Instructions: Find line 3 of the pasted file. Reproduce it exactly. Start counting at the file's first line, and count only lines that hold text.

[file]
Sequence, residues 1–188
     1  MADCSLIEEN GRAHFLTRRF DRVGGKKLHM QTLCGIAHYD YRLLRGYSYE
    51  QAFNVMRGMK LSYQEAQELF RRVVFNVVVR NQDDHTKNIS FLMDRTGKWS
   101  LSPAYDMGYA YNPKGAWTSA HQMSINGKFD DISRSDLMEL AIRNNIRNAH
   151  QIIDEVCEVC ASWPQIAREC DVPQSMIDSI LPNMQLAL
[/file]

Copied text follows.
    51  QAFNVMRGMK LSYQEAQELF RRVVFNVVVR NQDDHTKNIS FLMDRTGKWS